I have been on the road, in the air and across the sea. In Venice I traced the techniques and locations of past masters like J.M.W. Turner, John Singer Sargent, James Abbott McNeil Whistler, Francesco Guardi and Canaletto. Making an oil painting in Venice in the 1700s demanded a multi-step process. Francesco Guardi illustrates that process. First, a light sketch in black chalk or graphite. This sketch was then overlaid by pen and ink drawing which was embellished with graduated washes. The artist diluted the ink with water in various concentrations to get a range of values.
A painting might be begin with a small oil study in limited colors, or as a simple value study. In these studies the artist experimented with lighting, changing skies, and alternate designs.
In example 1. I imitate Guardi’s pen, ink and wash technique with a small quick study of Santa Maria Della Salute as she stands at the entrance to Venice’s Grand Canal. I follow this with example 2, an expressive value demonstration for my students in Venice. Example 3 presents a photo of Santa Maria Della Salute as I saw it when painting the oil sketch. In example 4 You see an example of Guardi’s own developed pen and ink sketch of a canal site. In example 5 you see a quick cursory ink sketch by Canaletto. These sketches served as a private thinking devices, as quick studies or, as more finished drawings. Example 6 shows Canaletto’s final developed oil of the same subject. Similar oil paintings by Guardi of Santa Maria Della Salute are on view in examples 7 and 8. Artists often reprised their paintings changing them slightly (through slight shifts in point of view or lighting changes). Example 9 offers a photo from Guardi’s painting location. Guardi invented his skies and lighting just as I did in example 2.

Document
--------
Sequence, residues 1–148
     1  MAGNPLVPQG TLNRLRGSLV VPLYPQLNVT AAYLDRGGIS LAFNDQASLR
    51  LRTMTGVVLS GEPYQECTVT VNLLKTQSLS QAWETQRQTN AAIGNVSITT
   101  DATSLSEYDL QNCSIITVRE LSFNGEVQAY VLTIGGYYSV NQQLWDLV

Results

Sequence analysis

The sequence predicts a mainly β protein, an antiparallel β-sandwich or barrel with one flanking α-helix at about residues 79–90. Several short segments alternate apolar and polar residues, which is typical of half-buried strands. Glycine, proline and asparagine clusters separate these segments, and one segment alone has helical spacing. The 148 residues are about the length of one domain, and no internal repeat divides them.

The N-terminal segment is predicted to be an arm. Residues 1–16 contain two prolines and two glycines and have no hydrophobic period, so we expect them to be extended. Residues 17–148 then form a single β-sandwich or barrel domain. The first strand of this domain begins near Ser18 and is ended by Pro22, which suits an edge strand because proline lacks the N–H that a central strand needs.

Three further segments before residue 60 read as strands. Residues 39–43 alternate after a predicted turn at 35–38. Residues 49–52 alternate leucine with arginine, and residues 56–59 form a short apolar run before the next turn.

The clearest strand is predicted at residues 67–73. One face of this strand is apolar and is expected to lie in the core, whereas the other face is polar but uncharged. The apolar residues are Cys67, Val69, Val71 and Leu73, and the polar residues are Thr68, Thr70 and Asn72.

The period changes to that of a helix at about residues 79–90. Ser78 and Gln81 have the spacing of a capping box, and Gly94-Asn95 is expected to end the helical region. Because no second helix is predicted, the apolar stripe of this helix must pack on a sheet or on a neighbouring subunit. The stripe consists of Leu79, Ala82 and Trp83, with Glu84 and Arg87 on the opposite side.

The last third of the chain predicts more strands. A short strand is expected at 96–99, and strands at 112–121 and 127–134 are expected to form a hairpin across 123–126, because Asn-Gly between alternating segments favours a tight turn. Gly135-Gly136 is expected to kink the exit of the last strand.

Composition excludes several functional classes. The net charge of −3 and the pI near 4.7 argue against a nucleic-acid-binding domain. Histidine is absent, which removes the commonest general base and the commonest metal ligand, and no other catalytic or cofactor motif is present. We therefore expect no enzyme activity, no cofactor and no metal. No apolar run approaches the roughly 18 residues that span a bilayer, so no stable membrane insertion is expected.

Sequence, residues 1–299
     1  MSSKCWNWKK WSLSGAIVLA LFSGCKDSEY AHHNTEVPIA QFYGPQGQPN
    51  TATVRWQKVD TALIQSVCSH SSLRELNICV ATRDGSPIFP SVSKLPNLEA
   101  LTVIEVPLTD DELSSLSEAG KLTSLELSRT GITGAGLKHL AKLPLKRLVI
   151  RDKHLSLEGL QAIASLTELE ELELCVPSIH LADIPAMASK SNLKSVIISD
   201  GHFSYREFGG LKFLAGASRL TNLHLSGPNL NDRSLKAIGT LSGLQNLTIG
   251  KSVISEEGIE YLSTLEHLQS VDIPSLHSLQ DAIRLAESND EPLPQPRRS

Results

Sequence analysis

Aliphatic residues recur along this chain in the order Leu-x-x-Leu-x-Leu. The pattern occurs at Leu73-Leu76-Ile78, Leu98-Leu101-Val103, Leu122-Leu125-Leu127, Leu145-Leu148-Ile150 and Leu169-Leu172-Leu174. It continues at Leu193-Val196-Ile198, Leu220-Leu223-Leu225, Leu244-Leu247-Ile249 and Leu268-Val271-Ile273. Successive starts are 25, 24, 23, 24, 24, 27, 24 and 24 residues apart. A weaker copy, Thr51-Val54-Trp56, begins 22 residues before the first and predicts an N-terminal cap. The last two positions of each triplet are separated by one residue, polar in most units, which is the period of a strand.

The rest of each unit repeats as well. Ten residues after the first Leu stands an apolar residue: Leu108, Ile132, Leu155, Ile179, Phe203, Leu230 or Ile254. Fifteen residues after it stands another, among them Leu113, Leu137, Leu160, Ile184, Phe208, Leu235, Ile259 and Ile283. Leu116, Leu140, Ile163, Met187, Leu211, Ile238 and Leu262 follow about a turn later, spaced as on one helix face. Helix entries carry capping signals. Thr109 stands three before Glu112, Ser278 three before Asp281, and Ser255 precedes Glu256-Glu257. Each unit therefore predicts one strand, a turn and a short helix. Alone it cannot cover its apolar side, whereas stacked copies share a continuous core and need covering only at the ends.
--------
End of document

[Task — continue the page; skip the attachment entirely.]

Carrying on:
James Whistler, the artist famous for painting his mother ( the painting resides in the Louvre Museum today but, can be found everywhere in reproduction including a US postage stamp), enjoyed evoking the mysteries of Venice in etchings, oils and pastels. Among his oils is example 10, a soft-focus twilight experience of the church of San Marco in Venice painted in 1879.
The impressionists have just begun their series of exhibitions in Paris. Whistler was influenced by the new idea of capturing a momentary glimpse, a foggy impression of a place. I suspect, despite his protests to the contrary, he was also influenced by Turner’s moody, abstracted evening impressions of Venice as well as the effects of blurred photographs. By 1879 photographs were commonplace resources for painters. Whistler had seen the effect of camera movements upon the image. His painting appears to imitate the effects of camera movement as well as the effects of cropping an image with the camera. In example 10 you see Whistler’s evening (Nocturne as he called it) view of the corner of San Marco. In examples 11,12, and 13 I have photographs that I deliberately blurred as a result of camera movement of the same subject. In example 14 you see my own preliminary plein-air oil sketch of this subject. The final example 15, shows a blurred view of Santa Maria Della Salute, the subject of Francesco Guardi.